State considers forced HIV and hepatitis tests
Published: 30 Nov 2012 15:52 GMT+01:00
Updated: 30 Nov 2012 15:52 GMT+01:00
The provision, included in a new state law being considered on public safety and security, is supposed to protect people such as police officers and emergency medical technicians whose jobs include a particularly high rate of infection, , officials said.
State interior ministry officials denied an earlier report in the regional newspaper Mittledeutsche Zeitung, that the law would target people in specific risk groups, such as homosexuals, drug abusers, the homeless, and foreigners.
"That is false," state Interior Ministry spokesman Michael Kraska told The Local.
His office argues that several other German states, including Hamburg and Hesse, already have such provisions in effect. "We're a normal state," he said.
The provision would enable for example, an emergency medical technician accidentally stuck by a needle from someone thought to be infected with HIV or hepatitis, to ask a judge to force that person to be tested. That judicial approval could come quickly over the phone, Kraska said.
Until now the person suspected of having HIV or hepatitis would have to agree to such a test.
Current news on the measure provoked outrage in gay and lesbian and AIDS relief circles - just a day before international World AIDS day, December 1.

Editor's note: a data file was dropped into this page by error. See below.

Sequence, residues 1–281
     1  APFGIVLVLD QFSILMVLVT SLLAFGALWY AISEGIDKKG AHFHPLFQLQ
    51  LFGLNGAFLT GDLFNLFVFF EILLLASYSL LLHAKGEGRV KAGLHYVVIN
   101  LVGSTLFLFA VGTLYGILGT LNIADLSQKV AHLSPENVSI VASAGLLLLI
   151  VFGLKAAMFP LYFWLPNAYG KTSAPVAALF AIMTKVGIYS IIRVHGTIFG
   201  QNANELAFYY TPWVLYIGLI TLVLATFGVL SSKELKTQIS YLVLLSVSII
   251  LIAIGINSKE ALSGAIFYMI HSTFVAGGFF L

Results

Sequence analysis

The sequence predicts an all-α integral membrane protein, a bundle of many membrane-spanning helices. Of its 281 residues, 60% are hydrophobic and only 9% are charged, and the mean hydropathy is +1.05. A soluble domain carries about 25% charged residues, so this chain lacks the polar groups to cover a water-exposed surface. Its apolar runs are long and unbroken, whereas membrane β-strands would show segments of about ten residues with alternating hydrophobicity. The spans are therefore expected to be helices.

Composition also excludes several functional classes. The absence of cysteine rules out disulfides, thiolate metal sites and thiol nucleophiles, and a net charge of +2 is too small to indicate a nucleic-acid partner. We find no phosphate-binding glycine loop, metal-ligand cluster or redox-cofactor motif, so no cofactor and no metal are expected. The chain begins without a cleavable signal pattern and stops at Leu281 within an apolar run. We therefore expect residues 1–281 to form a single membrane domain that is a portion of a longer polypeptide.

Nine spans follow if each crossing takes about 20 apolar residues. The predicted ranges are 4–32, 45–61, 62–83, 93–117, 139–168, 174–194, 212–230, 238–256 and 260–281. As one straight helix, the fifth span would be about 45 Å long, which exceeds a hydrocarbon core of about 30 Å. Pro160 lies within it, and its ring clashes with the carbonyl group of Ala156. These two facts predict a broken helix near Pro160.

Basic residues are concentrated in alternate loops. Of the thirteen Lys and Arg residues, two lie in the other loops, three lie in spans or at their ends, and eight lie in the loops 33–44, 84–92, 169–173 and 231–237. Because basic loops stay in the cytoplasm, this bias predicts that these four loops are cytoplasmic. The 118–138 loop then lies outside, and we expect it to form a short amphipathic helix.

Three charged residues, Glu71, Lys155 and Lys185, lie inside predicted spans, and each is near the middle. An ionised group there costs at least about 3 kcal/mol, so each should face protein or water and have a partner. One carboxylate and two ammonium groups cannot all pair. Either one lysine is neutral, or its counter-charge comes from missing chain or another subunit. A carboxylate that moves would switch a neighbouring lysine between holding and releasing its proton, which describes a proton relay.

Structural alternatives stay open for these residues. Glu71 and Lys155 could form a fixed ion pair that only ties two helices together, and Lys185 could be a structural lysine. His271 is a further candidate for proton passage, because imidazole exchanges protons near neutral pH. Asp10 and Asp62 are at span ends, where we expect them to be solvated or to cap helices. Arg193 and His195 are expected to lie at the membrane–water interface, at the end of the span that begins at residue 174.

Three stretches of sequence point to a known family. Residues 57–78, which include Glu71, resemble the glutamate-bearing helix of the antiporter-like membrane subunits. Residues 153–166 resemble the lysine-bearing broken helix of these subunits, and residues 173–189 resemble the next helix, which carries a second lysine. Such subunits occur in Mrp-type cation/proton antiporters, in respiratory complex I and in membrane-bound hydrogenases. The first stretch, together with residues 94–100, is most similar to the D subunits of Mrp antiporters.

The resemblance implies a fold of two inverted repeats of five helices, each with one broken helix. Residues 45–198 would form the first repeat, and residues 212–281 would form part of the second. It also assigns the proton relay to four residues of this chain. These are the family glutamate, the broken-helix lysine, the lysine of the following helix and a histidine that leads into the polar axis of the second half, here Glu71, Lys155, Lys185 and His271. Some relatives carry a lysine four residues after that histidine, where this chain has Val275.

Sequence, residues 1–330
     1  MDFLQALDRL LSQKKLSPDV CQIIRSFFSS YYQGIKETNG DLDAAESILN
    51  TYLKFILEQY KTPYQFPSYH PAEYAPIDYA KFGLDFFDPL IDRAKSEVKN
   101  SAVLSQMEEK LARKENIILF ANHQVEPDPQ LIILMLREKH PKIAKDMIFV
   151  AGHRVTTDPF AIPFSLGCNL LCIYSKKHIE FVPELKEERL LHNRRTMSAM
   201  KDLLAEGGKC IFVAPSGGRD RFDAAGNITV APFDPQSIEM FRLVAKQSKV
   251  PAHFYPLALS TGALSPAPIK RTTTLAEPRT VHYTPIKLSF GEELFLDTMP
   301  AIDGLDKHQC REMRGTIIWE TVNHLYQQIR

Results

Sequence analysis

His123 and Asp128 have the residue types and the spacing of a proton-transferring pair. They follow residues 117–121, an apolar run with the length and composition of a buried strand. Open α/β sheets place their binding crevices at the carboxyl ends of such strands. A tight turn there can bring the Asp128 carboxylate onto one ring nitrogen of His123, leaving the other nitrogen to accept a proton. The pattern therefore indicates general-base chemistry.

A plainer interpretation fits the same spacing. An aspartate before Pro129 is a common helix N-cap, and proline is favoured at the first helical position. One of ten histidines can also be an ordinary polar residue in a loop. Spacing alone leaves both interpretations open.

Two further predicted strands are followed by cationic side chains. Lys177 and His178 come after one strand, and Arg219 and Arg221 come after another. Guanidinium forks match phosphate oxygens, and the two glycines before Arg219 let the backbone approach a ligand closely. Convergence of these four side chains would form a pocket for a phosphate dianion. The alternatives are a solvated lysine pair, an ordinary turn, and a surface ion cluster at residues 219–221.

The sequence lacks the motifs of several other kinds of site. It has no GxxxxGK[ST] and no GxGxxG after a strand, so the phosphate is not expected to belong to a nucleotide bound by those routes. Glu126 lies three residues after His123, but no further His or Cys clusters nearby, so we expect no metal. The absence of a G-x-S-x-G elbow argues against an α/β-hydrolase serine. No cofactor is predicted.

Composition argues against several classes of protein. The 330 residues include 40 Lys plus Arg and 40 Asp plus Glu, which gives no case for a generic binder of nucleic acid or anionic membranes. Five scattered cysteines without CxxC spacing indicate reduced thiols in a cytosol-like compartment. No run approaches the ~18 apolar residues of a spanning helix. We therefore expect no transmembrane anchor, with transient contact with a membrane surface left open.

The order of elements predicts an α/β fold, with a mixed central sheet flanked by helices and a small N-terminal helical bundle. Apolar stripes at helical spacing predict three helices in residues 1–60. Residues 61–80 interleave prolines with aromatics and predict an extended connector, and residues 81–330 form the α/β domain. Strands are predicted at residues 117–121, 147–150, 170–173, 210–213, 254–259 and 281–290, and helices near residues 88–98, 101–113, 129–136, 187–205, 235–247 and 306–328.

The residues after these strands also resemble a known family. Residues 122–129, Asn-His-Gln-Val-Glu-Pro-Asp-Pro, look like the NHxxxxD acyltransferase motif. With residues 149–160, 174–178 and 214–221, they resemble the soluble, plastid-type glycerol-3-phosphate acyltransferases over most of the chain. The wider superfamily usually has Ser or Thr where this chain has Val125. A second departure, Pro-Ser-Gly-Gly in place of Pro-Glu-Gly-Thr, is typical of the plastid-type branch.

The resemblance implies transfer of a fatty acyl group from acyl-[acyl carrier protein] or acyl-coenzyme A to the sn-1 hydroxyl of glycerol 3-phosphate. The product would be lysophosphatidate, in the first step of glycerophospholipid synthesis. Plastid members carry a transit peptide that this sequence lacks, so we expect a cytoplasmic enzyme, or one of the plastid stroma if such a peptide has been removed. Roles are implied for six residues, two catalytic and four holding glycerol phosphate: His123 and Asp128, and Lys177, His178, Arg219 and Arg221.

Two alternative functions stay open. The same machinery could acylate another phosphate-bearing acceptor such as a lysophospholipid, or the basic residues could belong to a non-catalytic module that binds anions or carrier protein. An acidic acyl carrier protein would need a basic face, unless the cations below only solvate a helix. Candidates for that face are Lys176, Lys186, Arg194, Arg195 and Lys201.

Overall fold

Markus Ulrich, of the Lesbian and Gay Federation of Germany (LSVD), said in a statement: "In the opinion of the LSVD, the planned forced HIV test is a completely unnecessary stigmatization of groups of people, without any medical benefit. It abets discrimination, of all things, one day before World AIDS day."
He said the forced tests were based on irrational fears and prejudices, and that the federal Interior Ministry had questioned their constitutionality. And he pointed to figures from the Robert Koch Institute, which show that 0.05 percent of the population in Saxony-Anhalt was HIV positive.
The measure is currently being considered by a state parliamentary committee, where it can be discussed and debated, according to the state Interior Ministry. The ministry argues that the state's law regulating police conduct was one of the few in Germany with an explicit ban on discrimination based on sexual identity.